Conflict of interests
Public trust in the scientific process and the reliability of published articles partially depend on how transparent conflicts of interests are in the process of planning, research, writing, expert review, editing and publishing of scientific work.
Conflict of interests exists when a professional judgment about primary interest (for example, the validity of research) can depend on a secondary interest (for example, financial benefit). Understanding the conflict of interests is just as important as actual conflicts of interests.
Financial relations (such as employment, consultations, shareholding, fees, patents and paid expert evaluations) are the most easily identifiable conflicts of interests and most likely disturb confidence of the journal, the authors and the science itself. However, conflicts can arise for other reasons such as personal relations or competition, academic competition and intellectual beliefs.
Authors should avoid entering into agreements with sponsors of research, both commercial and non-commercial, that prevent the authors' access to all research data or interfere with their analysis and interpretation of data as well as for the preparation and publication of manuscript.
All participants in the review and publication process - not only the authors but also reviewers, editors and members of the journal editorial office must take into account their conflicts of interests in performing their roles in the process of review and publication of articles and should disclose everything that can be considered as potential conflicts of interests.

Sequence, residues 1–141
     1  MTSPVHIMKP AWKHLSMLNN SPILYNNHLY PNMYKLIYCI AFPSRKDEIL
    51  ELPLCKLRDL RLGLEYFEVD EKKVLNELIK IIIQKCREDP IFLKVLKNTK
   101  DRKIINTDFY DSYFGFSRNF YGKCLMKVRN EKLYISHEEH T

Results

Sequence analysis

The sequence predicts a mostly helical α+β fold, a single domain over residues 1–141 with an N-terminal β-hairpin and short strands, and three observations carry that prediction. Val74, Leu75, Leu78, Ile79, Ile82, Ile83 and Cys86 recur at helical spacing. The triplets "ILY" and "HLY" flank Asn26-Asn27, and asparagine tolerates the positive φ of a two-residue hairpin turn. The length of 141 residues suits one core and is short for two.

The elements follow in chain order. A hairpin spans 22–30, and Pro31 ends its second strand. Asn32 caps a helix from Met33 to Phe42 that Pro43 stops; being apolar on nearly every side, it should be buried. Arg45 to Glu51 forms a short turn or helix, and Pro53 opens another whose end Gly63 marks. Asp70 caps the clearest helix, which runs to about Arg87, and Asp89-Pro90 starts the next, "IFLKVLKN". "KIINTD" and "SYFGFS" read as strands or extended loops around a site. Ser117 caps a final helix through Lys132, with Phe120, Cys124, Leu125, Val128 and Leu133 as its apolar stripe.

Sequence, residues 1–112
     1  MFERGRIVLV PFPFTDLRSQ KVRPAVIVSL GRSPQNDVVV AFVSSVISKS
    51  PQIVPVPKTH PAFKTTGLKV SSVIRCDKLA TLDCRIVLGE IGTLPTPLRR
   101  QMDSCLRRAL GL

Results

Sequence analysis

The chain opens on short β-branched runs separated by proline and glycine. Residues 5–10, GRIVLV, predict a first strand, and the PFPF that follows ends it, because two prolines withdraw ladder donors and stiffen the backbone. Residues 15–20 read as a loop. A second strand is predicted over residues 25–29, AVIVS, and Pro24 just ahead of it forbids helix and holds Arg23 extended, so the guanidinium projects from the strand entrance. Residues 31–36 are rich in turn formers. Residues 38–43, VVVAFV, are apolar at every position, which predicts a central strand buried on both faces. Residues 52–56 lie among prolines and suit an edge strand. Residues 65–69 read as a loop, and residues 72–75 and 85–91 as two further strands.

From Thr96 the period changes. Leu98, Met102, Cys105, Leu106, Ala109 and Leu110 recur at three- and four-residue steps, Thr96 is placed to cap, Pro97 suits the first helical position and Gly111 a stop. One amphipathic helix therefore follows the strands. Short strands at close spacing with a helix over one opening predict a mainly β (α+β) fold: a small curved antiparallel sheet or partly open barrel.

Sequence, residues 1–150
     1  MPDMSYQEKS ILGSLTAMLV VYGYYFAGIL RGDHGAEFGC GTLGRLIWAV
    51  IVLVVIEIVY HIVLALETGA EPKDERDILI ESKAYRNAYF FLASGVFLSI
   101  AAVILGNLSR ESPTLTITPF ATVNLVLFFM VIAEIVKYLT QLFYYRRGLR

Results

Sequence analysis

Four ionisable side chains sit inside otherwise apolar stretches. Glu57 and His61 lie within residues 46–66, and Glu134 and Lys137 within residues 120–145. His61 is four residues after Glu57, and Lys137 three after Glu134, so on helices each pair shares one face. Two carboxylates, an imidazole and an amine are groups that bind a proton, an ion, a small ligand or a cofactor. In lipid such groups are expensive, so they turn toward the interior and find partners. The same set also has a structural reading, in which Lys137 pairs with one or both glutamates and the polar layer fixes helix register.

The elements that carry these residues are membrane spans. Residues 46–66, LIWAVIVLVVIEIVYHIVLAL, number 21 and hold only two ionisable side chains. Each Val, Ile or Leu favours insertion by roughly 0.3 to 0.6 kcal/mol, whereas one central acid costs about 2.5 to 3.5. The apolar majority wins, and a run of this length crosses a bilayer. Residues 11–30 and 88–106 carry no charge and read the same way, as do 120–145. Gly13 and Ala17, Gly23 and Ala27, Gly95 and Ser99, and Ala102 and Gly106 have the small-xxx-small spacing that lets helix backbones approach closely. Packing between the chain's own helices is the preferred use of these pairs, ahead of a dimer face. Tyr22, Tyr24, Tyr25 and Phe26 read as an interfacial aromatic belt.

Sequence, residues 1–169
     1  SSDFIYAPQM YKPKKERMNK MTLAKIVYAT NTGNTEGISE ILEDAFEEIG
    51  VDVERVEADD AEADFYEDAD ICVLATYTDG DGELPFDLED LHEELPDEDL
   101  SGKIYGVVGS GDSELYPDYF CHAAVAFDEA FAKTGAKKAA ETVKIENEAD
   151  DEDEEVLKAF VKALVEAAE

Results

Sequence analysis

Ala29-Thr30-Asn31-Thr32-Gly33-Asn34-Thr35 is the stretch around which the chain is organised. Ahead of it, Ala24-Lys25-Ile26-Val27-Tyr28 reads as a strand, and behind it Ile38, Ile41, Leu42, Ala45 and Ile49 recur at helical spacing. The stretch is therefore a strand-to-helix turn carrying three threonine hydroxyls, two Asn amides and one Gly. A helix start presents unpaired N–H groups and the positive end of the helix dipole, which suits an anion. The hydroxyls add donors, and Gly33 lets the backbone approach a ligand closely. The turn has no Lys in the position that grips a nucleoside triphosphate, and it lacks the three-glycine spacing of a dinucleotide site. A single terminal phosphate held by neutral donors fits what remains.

When authors provide a manuscript of any type or format, are responsible for disclosing all financial and personal relationships that may be preconceived or are considered to be preconceived for their work. If there is a conflict of interests in the article sent for publication in the journal, you should indicate this at the end of the manuscript under the heading "Application of interests conflict." You should specify:
- conflict of interests of authors,
- sources of work support including the names of sponsors as well as an explanation of the role of these sources, if sufficient.
If the article does not contain information on a conflict of interests, it is considered that there is no conflict of interests.
Before reviewing an article, the selected specialist is asked for information about the existence of conflicts of interests which may affect the results of the evaluation. Reviewers should disclose to the editors any conflicts of interest that might change their opinion of the manuscript and should refuse to review specific manuscripts if there is a potential for prejudgment. Reviewers should not use knowledge about the work they are considering before publishing to promote their own interests.
3. Editors and journal staff
Editors who make final decisions on manuscripts must refuse the decisions if they have conflicts of interests or relations that create potential conflicts related to the articles under consideration. Other editors participating in editorial decisions should provide editors with a current description of their financial interests or other conflicts and refuse any decisions in which there is a conflict of interests. Editorial staff should not use the information obtained as a result of working with manuscripts for personal benefit.